Interview Help

I'm a EE in the Oil/Natural Gas industry in the US. We design electrical systems for midstream plants. So basically we're the guys who get the oil from drilling stations, then process it to separate all the different gasses and oils mixed in the liquid before shipping it to upstream plants for distribution.

For the oil industry:

Very very basic math at the Algebra level. Believe it or not we don't use calculus at all. As we like to put it "If you're solving equations you're doing something wrong." In Oil 90% of what we do is based off tables from the NEC (Natoinal Electric Code). You have tables for motor HP vs FLA, Cable/Conduit sizing vs Current, etc. At most, you need basic understanding of power calculations for 3 phase AC motors. The most math I've ever had to do is solve KVA = AVsqrt(3)/1000 to figure out the total KVA load on a bus in order to size it properly.

In the midstream oil industry you basically get a list from a process engineer of all the different motors, pumps, fans, heaters, heat trace cables, panels, etc. that will go into the plant. We then take this data and make schematics for a Motor Control Center building which will provide power as well as control systems to all the equipment. Controls are basic out-of-the-box PLC controllers we buy that are programmed by a technician in the field. We figure out needed circuit breaker sizes for each motor (based off tables), needed wire sizes to properly withstand the current used to power the motors (tables), needed sizes for the main cable busses (KVA equation), needed length/power output of heat trace cable to ensure pipes don't freeze in winter time (via a Heat Trace software tool), needed transformer sizes to step down voltage from 4160 to 480 to 240 to 208 (via tables).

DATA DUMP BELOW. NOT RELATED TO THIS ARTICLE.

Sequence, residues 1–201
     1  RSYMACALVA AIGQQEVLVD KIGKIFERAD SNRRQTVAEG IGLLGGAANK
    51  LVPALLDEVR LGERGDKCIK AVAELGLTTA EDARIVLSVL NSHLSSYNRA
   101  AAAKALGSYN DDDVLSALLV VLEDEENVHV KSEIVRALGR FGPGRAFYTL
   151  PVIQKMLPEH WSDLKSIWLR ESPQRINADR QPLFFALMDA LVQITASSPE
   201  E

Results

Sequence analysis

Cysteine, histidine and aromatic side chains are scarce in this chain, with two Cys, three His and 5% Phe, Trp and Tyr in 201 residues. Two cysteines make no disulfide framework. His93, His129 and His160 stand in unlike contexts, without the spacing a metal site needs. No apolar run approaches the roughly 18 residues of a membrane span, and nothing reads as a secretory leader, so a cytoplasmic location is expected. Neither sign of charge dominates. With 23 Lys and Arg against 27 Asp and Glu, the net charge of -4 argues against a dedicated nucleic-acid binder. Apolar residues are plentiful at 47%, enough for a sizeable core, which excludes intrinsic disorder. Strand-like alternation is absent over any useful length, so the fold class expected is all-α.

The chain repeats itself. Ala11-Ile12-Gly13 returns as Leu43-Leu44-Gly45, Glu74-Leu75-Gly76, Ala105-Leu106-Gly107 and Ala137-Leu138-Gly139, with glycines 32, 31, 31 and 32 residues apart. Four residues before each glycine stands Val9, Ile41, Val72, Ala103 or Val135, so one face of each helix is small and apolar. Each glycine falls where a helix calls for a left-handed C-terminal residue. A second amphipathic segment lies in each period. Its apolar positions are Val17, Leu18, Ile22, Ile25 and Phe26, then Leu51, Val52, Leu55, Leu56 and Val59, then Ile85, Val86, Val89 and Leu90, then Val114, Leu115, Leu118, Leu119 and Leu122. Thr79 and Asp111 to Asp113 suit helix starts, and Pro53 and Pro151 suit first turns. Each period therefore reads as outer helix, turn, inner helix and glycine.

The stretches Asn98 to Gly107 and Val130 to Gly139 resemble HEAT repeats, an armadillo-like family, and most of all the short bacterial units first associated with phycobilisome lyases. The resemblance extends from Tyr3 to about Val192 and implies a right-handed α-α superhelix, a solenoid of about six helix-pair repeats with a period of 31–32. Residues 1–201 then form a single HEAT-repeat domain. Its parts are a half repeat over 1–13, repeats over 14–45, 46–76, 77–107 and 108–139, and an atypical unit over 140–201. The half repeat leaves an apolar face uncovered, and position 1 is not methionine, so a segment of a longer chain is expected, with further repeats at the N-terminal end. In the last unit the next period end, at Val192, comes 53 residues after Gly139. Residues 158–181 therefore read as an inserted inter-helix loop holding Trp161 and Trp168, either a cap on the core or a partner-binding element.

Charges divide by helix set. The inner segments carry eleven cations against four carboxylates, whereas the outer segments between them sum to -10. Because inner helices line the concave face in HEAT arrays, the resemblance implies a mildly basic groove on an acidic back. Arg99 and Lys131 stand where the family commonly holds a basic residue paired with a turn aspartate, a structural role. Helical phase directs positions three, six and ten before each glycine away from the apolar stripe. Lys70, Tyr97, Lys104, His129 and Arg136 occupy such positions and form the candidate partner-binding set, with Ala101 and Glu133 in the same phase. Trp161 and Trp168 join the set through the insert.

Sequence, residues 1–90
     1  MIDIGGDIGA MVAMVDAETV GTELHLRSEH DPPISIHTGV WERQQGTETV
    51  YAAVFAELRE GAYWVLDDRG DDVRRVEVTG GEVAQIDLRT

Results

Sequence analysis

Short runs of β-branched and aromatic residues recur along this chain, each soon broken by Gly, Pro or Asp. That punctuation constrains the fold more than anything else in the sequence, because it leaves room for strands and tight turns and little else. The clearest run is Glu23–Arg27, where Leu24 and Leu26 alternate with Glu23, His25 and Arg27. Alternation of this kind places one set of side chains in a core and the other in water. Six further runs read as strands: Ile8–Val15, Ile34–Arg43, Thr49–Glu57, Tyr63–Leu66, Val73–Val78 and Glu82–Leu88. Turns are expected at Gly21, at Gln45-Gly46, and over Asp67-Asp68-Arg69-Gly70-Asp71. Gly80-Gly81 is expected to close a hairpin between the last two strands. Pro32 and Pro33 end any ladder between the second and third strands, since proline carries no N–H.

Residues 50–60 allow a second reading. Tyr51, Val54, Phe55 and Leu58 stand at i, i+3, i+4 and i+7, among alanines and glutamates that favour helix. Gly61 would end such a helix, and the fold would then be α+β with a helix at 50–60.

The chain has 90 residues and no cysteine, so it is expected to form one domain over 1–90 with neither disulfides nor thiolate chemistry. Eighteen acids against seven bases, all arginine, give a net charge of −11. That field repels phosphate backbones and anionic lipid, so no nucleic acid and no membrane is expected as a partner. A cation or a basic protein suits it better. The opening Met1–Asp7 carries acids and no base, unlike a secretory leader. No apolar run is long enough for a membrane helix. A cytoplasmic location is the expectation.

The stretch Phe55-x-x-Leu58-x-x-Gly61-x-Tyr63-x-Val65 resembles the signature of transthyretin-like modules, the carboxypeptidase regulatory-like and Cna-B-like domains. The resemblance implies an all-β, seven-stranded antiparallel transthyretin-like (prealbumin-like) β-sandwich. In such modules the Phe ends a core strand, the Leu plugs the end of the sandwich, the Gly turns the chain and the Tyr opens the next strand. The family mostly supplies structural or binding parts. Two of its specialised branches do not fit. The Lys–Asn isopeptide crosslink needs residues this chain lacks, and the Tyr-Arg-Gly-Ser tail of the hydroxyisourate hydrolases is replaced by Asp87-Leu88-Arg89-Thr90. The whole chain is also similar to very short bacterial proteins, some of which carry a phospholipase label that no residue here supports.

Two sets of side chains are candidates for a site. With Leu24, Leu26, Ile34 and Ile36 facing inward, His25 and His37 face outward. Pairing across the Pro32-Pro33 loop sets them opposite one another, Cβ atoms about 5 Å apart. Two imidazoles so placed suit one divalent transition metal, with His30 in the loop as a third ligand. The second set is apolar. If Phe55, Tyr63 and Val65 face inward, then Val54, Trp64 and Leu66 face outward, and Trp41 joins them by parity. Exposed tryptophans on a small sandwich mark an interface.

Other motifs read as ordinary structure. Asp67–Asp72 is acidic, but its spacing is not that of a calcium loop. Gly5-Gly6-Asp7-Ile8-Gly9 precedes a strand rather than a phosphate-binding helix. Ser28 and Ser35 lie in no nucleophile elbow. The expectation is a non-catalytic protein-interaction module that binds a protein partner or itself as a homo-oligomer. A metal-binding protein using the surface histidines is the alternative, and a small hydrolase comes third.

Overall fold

An entry level engineer for the oil industry just needs an EE degree with basic understanding of simple power equations (think on the level of P=I*V). The rest is learned through experience and by working on projects. When we get new engineers who start here they're given a copy of the NEC as reference and taught how to properly size all equipment for best efficiency and cost.

When I graduated college I knew almost nothing about sizing motors or the NEC. Like I said most of it is learned from experience and "just doing it" which is something our employers understand when hiring an engineer. The truth of a BS EE degree is in college you learn how to learn, then when you start a new career in any field your employer will take the time to teach you advanced concepts specific to that industry.

/r/ElectricalEngineering Thread